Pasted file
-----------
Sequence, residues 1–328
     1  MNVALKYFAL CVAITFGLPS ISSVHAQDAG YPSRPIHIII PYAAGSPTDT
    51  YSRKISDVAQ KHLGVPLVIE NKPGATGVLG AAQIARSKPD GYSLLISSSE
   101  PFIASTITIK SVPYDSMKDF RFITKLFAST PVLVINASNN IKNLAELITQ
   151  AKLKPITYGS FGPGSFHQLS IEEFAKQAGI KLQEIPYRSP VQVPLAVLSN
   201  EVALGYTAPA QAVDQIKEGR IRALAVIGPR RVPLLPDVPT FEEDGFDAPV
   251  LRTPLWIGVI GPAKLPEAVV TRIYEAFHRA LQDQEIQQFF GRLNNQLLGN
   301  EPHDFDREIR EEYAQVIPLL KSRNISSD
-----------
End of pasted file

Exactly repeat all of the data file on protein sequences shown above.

Sequence, residues 1–328
     1  MNVALKYFAL CVAITFGLPS ISSVHAQDAG YPSRPIHIII PYAAGSPTDT
    51  YSRKISDVAQ KHLGVPLVIE NKPGATGVLG AAQIARSKPD GYSLLISSSE
   101  PFIASTITIK SVPYDSMKDF RFITKLFAST PVLVINASNN IKNLAELITQ
   151  AKLKPITYGS FGPGSFHQLS IEEFAKQAGI KLQEIPYRSP VQVPLAVLSN
   201  EVALGYTAPA QAVDQIKEGR IRALAVIGPR RVPLLPDVPT FEEDGFDAPV
   251  LRTPLWIGVI GPAKLPEAVV TRIYEAFHRA LQDQEIQQFF GRLNNQLLGN
   301  EPHDFDREIR EEYAQVIPLL KSRNISSD